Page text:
July 26, 1999 : The day Patrick Rafter became the shortest world No 1

Every day, Tennis Majors takes you back in time to relive a tennis event which happened. On this day, July 26, 1999, Patrick Rafter became the first Australian to reach the world No 1 ranking since John Newcombe, in 1974

Patrick Rafter

What exactly happened on that day?

On this day, July 26 in 1999, Patrick Rafter became the first Australian to reach the world No 1 ranking since John Newcombe in 1974. The Australian, who had just reached the semi-final at Wimbledon 10 months after his second US Open crown would only secure that spot for one week, setting a record of the shortest reign in tennis history. 

The main character: Patrick Rafter

Patrick Rafter - On this day

Patrick Rafter was born in 1972 and turned pro in 1991. The Australian had not achieved any remarkable results in his early career, claiming only one title before 1997, which came at the Manchester Open in 1994. He had reached his best ranking in 1994 as No 21 and had spent most of his time outside the top 40. In 1997, his career got off to a jumpstart when he reached the semi-final in Roland-Garros, defeated by Sergi Bruguera, one of the top clay-courters of the time (6-7, 6-1, 7-5, 7-6). A few months later, after reaching two finals, in Indianapolis and Long Island, he claimed the US Open title to the surprise of many folks. It was only his second ATP level title ever!! On his way to the victory, he had defeated Andre Agassi (then ranked No 63, 6-3, 7-6, 4-6, 6-3), world No 2 Michael Chang (6-3, 6-3, 6-4) and Greg Rusedski in the final (6-3, 6-2, 4-6, 7-5).

In 1998, his disappointing results in the first half of the season made John McEnroe criticize him as a one-Slam winner and Pete Sampras stated that Rafter would need a second Major title to be called a great player. In response, in the summer of 1998, Rafter went on to claim titles in Toronto and Cincinnati (beating none other than Sampras in the final, 1-6, 7-6, 6-4). Riding the wave of confidence, Rafter would go on to conquer a second US Open crown, defeating Pistol Pete once again (6-7, 6-4, 2-6, 6-4, 6-3) before he beat fellow Aussie Mark Philippoussis (6-3, 3-6, 6-2, 6-0) in the first all-Aussie Grand Slam final since 1970. He was described by Bud Collins as “a humble man known for a gracious manner on the court, great generosity and a gentlemanly demeanor at all times”.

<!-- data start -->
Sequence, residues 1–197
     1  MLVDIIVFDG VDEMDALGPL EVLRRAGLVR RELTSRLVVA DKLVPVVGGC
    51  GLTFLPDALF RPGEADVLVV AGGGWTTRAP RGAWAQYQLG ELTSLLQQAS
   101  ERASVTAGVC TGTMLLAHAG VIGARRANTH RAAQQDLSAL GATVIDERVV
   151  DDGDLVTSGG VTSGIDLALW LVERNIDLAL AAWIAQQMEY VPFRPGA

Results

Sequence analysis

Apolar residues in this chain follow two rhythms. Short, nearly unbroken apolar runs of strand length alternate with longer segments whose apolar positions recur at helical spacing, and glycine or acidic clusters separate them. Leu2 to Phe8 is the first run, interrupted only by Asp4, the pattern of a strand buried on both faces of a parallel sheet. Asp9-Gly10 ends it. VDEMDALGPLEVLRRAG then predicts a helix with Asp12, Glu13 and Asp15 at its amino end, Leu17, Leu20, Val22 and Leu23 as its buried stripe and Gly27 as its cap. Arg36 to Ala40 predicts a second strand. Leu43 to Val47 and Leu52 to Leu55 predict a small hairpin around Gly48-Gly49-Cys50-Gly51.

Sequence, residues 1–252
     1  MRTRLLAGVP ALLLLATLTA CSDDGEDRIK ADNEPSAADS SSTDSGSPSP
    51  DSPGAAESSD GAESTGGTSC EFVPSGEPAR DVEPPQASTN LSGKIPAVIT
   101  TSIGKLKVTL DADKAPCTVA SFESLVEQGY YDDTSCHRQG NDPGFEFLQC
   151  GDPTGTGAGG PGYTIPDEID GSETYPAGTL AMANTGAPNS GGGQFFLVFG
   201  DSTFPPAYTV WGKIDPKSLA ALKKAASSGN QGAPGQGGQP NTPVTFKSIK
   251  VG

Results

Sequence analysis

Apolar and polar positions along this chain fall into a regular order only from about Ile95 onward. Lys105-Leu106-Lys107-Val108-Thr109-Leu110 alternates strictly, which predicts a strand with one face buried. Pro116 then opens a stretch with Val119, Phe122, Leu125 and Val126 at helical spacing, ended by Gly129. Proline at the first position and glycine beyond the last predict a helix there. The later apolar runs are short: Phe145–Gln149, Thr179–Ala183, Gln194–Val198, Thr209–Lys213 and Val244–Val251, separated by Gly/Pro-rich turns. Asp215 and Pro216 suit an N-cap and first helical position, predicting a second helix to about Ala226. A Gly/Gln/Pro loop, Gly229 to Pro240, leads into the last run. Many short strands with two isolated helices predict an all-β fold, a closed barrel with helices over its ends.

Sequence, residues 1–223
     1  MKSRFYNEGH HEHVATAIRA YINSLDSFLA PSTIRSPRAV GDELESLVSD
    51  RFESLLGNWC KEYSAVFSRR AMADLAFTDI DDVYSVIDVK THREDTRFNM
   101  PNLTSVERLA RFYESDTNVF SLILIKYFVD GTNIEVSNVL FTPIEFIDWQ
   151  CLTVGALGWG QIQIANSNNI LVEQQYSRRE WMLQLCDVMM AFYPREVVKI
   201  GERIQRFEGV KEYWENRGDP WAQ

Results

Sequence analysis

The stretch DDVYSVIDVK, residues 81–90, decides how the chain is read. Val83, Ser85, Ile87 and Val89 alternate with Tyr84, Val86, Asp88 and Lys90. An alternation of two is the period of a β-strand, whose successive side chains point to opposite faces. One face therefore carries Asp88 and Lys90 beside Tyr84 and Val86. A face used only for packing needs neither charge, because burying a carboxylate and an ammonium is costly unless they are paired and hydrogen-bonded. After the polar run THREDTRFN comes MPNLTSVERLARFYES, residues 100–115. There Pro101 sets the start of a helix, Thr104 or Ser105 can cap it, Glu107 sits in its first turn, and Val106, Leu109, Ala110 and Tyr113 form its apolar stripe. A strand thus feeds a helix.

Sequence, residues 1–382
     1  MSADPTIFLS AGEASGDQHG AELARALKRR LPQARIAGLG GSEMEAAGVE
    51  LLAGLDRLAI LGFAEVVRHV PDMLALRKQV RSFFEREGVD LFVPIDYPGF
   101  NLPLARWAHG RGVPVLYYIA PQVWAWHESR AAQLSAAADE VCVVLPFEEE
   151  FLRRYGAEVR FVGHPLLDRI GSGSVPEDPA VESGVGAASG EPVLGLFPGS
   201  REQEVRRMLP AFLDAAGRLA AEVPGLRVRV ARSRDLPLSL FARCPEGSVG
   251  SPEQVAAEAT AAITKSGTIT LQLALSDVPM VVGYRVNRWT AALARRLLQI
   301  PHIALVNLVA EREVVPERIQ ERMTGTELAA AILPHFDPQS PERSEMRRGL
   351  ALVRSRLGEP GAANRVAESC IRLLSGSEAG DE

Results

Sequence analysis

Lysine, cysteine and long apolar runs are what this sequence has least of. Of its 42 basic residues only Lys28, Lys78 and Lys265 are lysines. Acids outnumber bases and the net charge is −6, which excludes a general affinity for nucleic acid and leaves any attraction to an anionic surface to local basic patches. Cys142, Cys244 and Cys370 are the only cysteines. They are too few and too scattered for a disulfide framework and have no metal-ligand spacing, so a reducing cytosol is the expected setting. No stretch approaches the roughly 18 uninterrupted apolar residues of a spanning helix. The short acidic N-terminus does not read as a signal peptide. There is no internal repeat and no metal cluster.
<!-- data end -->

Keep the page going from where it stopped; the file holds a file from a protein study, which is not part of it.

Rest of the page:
The facts: Rafter became No 1 the week he did not hit a ball

Patrick Rafter had started 1999 as world No 4, following a tremendous second half of 1998. After claiming two successive Masters 1000 titles, he had won the US Open for a second time in a row. At the time, Patrick Rafter was not seen as a contender for the world No 1 spot but 1999 started in the most peculiar way on the men’s tour. Yevgeny Kafelnikov triumphed at the Australian Open, in the absence of world No 1 Pete Sampras and No 2 Marcelo Rios. Sampras, who had been dominating the tour since 1993, was exhausted after marathon finish to the 1998 season to end the year as world No 1 for the sixth time in row, and he played only four tournaments until May. There was no other real leader on the tour at that time, so three players were in contention for the top ranking: Patrick Rafter (1997 and 1998 US Open champion), Carlos Moya (Roland-Garros champion in 1998), and Yevgeny Kafelnikov after he claimed the title at Melbourne Park.